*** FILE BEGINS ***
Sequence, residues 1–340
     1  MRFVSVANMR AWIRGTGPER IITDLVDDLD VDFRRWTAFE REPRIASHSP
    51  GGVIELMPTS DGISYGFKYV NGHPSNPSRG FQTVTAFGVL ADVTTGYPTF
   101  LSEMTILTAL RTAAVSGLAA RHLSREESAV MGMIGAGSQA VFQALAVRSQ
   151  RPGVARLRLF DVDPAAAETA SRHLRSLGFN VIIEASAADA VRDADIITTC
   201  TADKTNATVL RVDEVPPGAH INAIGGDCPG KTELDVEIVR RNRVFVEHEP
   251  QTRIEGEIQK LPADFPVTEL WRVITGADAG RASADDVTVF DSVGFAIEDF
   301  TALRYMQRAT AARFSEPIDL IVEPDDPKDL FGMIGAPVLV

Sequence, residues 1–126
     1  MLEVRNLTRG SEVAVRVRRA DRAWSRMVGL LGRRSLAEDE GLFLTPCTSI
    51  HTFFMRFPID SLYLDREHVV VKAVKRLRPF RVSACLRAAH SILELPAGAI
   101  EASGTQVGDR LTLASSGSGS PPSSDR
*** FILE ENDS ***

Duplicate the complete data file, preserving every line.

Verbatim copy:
Sequence, residues 1–340
     1  MRFVSVANMR AWIRGTGPER IITDLVDDLD VDFRRWTAFE REPRIASHSP
    51  GGVIELMPTS DGISYGFKYV NGHPSNPSRG FQTVTAFGVL ADVTTGYPTF
   101  LSEMTILTAL RTAAVSGLAA RHLSREESAV MGMIGAGSQA VFQALAVRSQ
   151  RPGVARLRLF DVDPAAAETA SRHLRSLGFN VIIEASAADA VRDADIITTC
   201  TADKTNATVL RVDEVPPGAH INAIGGDCPG KTELDVEIVR RNRVFVEHEP
   251  QTRIEGEIQK LPADFPVTEL WRVITGADAG RASADDVTVF DSVGFAIEDF
   301  TALRYMQRAT AARFSEPIDL IVEPDDPKDL FGMIGAPVLV

Sequence, residues 1–126
     1  MLEVRNLTRG SEVAVRVRRA DRAWSRMVGL LGRRSLAEDE GLFLTPCTSI
    51  HTFFMRFPID SLYLDREHVV VKAVKRLRPF RVSACLRAAH SILELPAGAI
   101  EASGTQVGDR LTLASSGSGS PPSSDR